LINK

The Problem With The Israeli Economy

Officially, Israel’s unemployment rate is about 8%. But that doesn’t include Israeli citizens who are not trying to find work, either because they feel disenfranchised, such as many Arab Israelis, or because they’ve chosen a life of state-subsidized religious study, such as many ultra-Orthodox Jews.

Nearly 27% of Arab men and 65% of ultra-Orthodox Jews don’t work, government figures show. The non-employment rate for ultra-Orthodox men has tripled since 1970, Ben-David said. Link

Since it also has been traditional for most Haredi men not to work at making a living, but to devote themselves to religious studies, the political parties, often holding the balance of power in coalition governments, also became useful for extracting financial concessions from governments wanting to stay in power.

With a birthrate several times that of other Jewish Israelis, the Haredim have an average of 8.9 children per family and constitute more than 10 per cent of the population of seven million. Link

Youth gangs from the community of Sudanese and Eritrean refugees have in recent weeks been swamping Tel Aviv beaches and stealing bathers’ belongings, according to police. Most of the thefts have occurred on Tel Aviv’s major beaches. Authorities attribute the thefts to the increase in the number of refugees who have come to the city this year, and the lack of employment opportunities for them. Police say the stolen goods and money are sufficient for a day’s existence; they expect more such incidents to occur.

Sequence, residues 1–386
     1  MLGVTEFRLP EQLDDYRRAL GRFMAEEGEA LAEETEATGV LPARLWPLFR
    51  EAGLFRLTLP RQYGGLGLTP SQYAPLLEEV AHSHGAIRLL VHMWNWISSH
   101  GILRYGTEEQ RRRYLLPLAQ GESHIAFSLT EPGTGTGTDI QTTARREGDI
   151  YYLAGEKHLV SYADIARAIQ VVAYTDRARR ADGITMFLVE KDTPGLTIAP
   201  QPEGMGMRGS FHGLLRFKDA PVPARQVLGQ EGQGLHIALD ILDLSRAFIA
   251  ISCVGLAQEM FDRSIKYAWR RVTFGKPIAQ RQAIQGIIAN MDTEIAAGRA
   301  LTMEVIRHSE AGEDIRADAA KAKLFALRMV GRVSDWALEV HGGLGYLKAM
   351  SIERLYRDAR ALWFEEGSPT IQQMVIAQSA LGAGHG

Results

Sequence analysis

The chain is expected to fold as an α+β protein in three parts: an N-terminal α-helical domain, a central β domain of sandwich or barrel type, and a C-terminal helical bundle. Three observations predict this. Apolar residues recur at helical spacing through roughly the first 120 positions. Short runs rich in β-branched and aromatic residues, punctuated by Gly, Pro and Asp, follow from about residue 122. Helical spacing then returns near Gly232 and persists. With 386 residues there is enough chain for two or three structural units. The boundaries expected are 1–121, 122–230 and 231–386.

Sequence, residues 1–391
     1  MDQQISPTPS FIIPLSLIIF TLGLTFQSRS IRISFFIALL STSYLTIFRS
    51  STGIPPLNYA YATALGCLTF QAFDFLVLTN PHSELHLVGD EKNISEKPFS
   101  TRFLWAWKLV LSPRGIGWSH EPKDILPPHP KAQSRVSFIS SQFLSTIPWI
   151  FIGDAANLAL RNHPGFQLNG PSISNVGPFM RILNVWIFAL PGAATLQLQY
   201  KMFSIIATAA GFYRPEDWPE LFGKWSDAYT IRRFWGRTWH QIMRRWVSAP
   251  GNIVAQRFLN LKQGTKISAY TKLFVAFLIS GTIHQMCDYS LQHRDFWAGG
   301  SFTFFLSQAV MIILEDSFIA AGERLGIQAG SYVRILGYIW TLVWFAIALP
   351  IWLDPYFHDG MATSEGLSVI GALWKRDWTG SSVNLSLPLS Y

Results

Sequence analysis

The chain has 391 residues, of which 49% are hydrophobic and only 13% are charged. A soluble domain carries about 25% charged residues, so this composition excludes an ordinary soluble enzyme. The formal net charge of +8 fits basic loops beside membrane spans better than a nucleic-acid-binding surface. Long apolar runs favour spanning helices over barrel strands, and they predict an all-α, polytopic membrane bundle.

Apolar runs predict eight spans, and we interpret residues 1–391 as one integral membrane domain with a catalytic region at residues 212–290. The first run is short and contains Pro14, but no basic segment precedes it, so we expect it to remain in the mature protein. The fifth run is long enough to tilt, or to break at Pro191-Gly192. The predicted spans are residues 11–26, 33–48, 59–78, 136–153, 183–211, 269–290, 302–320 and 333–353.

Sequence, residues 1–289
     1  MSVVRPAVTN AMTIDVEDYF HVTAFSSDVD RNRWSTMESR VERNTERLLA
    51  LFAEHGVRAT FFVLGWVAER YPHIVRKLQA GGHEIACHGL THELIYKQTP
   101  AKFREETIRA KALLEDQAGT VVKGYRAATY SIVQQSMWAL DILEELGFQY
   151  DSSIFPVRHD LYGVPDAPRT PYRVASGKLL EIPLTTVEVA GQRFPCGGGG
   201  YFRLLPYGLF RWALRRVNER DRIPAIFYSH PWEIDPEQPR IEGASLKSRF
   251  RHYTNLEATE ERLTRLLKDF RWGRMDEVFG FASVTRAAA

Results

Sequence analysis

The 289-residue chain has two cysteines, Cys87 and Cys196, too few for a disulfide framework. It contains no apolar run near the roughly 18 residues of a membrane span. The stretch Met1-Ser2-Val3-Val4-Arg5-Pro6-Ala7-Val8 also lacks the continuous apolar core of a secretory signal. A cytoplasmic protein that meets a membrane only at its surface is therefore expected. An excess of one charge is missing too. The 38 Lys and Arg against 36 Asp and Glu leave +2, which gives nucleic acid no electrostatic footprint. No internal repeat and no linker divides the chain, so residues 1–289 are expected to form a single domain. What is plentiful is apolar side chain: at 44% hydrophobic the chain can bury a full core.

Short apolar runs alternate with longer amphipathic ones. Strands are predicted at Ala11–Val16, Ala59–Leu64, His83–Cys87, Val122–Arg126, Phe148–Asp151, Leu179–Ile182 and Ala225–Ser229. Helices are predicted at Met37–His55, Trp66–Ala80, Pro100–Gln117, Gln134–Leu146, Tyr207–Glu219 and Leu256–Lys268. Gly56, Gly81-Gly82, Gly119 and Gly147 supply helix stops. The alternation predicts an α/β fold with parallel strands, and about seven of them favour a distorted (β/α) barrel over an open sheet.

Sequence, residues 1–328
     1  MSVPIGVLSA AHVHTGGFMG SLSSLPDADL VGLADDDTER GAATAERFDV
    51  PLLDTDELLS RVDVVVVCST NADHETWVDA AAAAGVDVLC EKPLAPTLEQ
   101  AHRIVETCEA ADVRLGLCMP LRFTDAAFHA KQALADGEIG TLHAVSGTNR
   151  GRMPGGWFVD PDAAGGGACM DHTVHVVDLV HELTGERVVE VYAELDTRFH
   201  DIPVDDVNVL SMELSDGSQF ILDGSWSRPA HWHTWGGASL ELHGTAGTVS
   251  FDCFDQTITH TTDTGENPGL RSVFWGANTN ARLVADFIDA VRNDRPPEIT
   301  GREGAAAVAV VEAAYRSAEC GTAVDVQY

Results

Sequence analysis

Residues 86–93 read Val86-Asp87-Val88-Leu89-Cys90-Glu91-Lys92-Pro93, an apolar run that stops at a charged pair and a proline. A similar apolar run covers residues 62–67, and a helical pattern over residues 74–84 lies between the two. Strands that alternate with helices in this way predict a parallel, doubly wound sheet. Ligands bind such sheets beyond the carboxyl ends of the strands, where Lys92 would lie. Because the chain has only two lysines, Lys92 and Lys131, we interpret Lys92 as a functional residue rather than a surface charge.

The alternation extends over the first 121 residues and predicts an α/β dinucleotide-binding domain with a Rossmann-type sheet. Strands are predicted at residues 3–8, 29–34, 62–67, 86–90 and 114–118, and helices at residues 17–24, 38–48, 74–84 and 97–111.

Eritrean and Sudanese refugees start arriving at the beach at noon, say police, especially to the strip between Jerusalem Beach and Mezizim/Peepers’ Beach. Some try to find day-labor jobs in the morning, but some who fail allegedly try to earn their daily keep by preying on beach-goers instead. Link h/t Aurini

Most ultra-Orthodox Jews lack the skills to work in a modern economy, having studied little or no math and science beyond primary school (their curriculum focuses almost entirely on religious texts such as the Torah and Talmud). As a result, more than 60 percent live below the poverty line, compared with 12 percent among non-Haredi Jews. Most also opt out of military service, which is compulsory for other Israelis. The net effect: as the Haredi community expands, the burden of both taxation and conscription falls on fewer and fewer Israelis.

According to pollsters, Haredim are consistently hawkish on the question of territorial compromise with the Palestinians, citing God’s covenant with Abraham granting Jews the land of Israel. Already the parties that represent them wield significant political power in Israel’s coalition-based system.

Link